Yesterday my opponent playing White in this Correspondence Chess game resigned after losing his Knight to my pawn at 49…axb3, giving me the win by default.
White was right to surrender at this point, there was no way he could prevent the promotion of my pawn to another Queen, giving my Black army an awesome advantage, without losing his Rook in the process. Either way, my material advantage would be enough to guarantee my checkmating his King eventually.
Our play in this game had been pretty evenly matched until White, struck by chess-blindness in the last few moves, apparently forgot about the offensive power of that humble pawn my Rook had been defending for so very long.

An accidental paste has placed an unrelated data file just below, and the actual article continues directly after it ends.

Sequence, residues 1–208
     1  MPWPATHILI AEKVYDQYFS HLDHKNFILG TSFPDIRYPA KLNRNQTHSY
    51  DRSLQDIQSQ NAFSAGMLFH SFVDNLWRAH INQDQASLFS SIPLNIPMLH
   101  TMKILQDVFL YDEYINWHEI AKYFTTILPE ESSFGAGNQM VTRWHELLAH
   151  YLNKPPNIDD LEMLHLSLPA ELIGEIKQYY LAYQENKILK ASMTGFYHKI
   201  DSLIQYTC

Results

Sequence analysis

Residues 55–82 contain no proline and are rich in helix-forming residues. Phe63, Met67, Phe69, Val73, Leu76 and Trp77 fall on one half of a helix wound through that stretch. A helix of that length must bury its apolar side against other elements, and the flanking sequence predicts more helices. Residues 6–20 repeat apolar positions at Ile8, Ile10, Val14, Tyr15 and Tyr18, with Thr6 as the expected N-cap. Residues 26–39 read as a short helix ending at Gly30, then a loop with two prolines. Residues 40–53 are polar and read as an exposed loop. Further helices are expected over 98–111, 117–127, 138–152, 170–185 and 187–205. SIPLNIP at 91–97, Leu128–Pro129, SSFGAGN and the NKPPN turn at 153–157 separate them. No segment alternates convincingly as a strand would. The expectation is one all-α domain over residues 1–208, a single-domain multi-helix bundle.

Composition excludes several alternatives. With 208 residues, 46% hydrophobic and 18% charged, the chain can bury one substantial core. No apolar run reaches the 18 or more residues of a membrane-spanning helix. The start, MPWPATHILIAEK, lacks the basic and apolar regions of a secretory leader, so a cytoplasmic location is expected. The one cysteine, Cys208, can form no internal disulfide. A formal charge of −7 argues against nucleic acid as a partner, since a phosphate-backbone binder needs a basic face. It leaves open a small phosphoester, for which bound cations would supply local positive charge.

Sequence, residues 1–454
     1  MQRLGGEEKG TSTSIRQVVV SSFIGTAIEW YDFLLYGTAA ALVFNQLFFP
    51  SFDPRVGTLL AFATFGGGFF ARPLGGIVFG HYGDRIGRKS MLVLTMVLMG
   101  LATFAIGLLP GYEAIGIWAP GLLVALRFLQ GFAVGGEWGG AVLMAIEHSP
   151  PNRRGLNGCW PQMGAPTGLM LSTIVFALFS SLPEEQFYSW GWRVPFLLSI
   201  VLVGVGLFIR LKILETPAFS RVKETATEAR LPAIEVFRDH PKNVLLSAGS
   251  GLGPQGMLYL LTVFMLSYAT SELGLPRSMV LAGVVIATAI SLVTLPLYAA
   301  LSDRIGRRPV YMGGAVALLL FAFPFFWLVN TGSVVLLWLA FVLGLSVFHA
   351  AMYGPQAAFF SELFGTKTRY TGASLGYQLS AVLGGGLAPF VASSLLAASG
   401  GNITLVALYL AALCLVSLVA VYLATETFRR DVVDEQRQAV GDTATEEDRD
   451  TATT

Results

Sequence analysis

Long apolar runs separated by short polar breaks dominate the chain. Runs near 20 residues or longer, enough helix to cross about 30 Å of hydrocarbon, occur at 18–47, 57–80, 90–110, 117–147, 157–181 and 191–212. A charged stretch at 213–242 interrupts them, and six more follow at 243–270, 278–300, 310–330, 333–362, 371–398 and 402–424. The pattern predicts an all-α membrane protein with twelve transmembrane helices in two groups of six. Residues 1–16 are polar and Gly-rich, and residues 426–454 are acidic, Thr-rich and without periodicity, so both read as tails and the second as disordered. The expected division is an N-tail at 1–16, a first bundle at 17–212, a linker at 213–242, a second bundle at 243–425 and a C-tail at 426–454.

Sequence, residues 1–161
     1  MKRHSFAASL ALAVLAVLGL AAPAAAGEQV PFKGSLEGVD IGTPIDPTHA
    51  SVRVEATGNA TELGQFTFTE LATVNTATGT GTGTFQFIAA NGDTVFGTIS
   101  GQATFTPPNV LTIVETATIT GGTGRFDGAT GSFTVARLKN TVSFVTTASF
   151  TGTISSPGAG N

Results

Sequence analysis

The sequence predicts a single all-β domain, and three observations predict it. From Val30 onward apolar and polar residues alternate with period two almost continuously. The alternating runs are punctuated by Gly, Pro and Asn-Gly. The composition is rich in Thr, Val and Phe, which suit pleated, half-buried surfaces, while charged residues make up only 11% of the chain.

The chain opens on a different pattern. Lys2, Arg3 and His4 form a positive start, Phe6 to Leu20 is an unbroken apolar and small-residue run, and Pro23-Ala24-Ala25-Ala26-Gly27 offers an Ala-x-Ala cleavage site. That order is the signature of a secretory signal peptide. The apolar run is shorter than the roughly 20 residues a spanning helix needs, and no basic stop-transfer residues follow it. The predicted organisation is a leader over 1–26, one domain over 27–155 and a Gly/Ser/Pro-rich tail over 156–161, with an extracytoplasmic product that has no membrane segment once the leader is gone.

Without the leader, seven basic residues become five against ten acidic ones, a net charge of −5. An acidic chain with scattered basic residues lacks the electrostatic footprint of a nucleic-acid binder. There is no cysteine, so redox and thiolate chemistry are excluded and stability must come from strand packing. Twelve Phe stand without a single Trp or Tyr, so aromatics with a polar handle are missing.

The full move record of this game, with illustration and annotation for the final few moves.
1. e4 e5 2. Nf3 Nc6 3. Bc4 h6 4. c3 Nf6 5. d4 d6 6. Be3 d5 7. exd5 Na5 8. Bb5+ Bd7 9. Ba4 Nxd5 10. Bd2 exd4 11. Qe2+ Be7 12. Na3 Bxa4 13. Nxd4 O-O 14. O-O c5 15. Nf3 a6 16. Ne5 Bf6 17. Rfe1 Re8 18. f4 Nc6 19. Qf2 Nxe5 20. fxe5 Bxe5 21. Qxc5 b6 22. Qc4 Qd7 23. Qh4 Bf6 24. Qg3 Rxe1+ 25. Rxe1 Re8 26. Rf1 Be5 27. Qd3 Nc7 28. Qxd7 Bxd7 29. Nc4 Bb5 30. b3 Re6 31. Re1 f6 32. Nxe5 Rd6 33. c4 Rxd2 34. Nf3 Rxa2 35. cxb5 Nxb5 36. Rc1 Kh7 37. h3 Rb2 38. Rc6 Rb1+ 39. Kh2 Rxb3 40. Rxb6 Ra3 41. Nd2 Nd4 42. Rd6 Ra4 43. Rd7 Ne2 44. Rd5 Nf4 45. Rd6 Ra2 46. Rd4 Ne2 47. Rd6 a5 48. Nb3
At this point I thought his Knight move to b3 was intended to defend the d2 square, from where his Rook could fork-attack my Rook and Knight. So advancing my a-pawn seemed the only sensible thing to do.
When White moved his Rook to the a file, ..
… my pawn captured his Knight 49… axb3, see the board diagram at the top of this post, and defending my Black Rook. White then decided to resign the game, giving me the win.
Chess-blindness is such a cruel, cruel thing.